I primarily teach upper-level undergraduate physics courses at Duquesne University.

  • Physics 302, Optics (Fall 2013, 2015, 2017)
  • Physics 473, Electrodynamics (Spring 2014, 2016, 2018)
  • Physics 474, Quantum Mechanics (Fall 2014, 2016)
  • Physics 475, Advanced Quantum Mechanics (Spring 2015, 2017)


Sophomore course for physics majors using the textbook by Pedrotti, with a bend towards applications. I teach geometric optics by emphasizing the ray-trace matrix formalism in the paraxial approximation. This lets me work basic linear algebra and matrices into the curriculum. I also put a bit more time into discussing cameras than most of my colleagues. In the section of the course on wave optics, I put extra emphasis on polarization, using the Jones vector formalism. Although the students are apprehensive of using complex numbers at first, I feel that the practice here is good preparation for discussing spin in quantum mechanics.


This is the second semester of a two-semester sequence taught out of Griffiths’ textbook. One of my goals in this course is to drive home vector calculus. The students have already had a multivariable calculus class, math methods in physics class, and the first semester electrostatics, but they still enter this course having only a survival-level understanding of the math. So, we practice a lot. I do a fair bit on the radiation sections of Griffiths, focusing on oscillating fields. Here complex algebra returns. Unfortunately, Griffiths struggles here in my opinion, falling back on hand-waving derivations that aren’t satisfying. However, looking at the analogous sections in Jackson’s tome, it’s clear that the material is beyond the level of the students (polarization potentials, anyone?). Figuring out how to efficiently teach this is still a work in progress.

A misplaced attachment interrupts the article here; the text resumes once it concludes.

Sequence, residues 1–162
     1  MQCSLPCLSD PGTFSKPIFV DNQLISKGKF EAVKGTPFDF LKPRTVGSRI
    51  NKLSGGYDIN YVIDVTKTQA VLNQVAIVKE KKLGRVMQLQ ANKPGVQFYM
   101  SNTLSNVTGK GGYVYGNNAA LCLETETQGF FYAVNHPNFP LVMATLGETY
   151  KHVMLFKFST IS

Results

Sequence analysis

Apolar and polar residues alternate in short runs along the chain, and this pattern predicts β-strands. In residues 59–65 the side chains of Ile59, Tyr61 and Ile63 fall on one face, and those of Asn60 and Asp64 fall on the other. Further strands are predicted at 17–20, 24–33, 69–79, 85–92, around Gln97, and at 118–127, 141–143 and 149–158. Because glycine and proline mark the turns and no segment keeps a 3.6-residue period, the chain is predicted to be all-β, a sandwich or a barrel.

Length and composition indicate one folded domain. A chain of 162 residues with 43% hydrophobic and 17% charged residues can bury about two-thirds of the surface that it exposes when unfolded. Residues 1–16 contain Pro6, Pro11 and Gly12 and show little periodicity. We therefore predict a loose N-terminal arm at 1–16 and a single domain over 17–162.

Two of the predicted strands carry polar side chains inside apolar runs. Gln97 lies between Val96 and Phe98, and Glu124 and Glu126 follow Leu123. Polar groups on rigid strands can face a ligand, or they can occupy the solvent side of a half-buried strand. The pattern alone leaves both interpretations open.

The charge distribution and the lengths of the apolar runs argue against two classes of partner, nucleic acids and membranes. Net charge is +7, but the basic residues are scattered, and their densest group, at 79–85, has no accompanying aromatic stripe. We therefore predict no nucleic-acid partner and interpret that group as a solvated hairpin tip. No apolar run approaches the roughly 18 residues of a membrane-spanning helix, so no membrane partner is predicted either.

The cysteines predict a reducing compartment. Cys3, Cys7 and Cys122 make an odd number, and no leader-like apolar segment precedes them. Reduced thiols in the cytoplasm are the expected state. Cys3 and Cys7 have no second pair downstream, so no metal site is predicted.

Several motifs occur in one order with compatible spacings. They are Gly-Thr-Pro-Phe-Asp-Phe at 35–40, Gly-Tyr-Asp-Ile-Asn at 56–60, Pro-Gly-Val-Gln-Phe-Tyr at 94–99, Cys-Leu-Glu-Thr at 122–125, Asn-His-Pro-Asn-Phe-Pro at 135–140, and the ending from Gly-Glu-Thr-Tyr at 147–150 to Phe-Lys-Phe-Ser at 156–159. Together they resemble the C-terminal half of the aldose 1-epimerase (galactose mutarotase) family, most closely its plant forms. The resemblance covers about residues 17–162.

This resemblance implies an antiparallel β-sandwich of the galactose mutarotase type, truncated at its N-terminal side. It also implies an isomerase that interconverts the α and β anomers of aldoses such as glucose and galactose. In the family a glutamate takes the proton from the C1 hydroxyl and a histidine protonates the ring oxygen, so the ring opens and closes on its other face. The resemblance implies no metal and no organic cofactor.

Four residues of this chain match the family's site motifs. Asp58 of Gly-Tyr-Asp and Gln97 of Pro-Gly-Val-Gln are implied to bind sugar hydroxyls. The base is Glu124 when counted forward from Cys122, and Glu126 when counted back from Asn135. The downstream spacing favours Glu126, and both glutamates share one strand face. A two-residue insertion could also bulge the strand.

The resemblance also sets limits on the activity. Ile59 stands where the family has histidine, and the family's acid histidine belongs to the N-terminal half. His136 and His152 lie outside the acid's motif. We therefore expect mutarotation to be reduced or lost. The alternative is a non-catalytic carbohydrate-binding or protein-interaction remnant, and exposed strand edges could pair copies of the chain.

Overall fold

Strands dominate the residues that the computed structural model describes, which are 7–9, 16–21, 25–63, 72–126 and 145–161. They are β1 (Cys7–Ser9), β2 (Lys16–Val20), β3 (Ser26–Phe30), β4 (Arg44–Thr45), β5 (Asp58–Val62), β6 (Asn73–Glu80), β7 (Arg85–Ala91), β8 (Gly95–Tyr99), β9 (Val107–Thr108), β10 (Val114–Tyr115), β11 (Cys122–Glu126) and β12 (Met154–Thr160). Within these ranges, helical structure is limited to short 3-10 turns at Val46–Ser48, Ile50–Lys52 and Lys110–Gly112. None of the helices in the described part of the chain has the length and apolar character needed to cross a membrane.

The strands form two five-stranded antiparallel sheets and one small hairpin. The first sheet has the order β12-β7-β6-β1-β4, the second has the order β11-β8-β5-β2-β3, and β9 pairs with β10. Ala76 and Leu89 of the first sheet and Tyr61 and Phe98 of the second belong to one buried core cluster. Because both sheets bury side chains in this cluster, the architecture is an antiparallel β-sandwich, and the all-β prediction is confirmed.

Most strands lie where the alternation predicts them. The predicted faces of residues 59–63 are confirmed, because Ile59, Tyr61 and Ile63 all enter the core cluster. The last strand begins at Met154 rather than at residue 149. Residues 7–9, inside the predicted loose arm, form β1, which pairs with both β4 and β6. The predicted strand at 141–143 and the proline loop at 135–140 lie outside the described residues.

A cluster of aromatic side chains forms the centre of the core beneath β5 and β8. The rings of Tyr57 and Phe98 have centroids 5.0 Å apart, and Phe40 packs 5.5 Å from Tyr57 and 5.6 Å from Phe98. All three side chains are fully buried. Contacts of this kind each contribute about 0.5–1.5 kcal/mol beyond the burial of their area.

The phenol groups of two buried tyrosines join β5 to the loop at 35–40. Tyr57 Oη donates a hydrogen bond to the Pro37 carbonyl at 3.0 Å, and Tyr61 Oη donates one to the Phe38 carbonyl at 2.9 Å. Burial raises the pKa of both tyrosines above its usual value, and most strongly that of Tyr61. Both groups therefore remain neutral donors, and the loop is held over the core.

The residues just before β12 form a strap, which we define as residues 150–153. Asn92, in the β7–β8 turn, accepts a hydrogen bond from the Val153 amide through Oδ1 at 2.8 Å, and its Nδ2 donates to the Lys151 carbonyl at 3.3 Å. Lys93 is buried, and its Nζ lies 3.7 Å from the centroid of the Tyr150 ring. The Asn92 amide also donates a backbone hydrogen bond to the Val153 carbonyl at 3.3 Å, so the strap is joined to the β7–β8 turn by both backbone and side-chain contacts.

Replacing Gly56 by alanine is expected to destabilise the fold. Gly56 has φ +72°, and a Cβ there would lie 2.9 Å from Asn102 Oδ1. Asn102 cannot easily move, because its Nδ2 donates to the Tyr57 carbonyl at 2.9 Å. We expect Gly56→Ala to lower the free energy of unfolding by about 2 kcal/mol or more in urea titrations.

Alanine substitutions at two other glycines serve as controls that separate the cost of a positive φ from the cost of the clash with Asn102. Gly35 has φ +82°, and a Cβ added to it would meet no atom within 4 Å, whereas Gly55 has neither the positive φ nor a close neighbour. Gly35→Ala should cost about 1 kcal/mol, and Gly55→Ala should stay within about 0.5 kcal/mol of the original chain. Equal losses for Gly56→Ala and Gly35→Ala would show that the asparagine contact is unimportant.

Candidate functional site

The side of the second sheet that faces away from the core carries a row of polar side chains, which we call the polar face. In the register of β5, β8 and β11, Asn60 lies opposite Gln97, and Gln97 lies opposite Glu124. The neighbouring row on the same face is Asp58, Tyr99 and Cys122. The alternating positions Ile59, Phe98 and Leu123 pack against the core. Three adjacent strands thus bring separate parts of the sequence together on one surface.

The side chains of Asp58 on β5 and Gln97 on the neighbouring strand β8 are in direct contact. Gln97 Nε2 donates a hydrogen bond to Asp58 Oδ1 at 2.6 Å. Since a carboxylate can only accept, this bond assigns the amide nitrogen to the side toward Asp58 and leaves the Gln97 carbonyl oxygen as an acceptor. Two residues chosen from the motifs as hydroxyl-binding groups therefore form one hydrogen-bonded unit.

Quantum Mechanics and Advanced Quantum Mechanics

I use a spins-first approach along with McIntyre’s textbook. I really like this way of thinking about quantum because the students get to learn the axioms of quantum mechanics using linear algebra, which is easier in my opinion than trying to learn quantum mechanics and solving wave equations simultaneously. This way, the physics concepts and the math they employ are more easily distinguished. This also appeals to my background in atomic physics, where almost everything can be approximated as a few-level system. Once we do get to wavefunctions, we work primarily with atomic physics examples, doing a detailed deconstruction of the hydrogen atom. I also plug one of my favorite rants in here: the silliness of anthropomorphic units.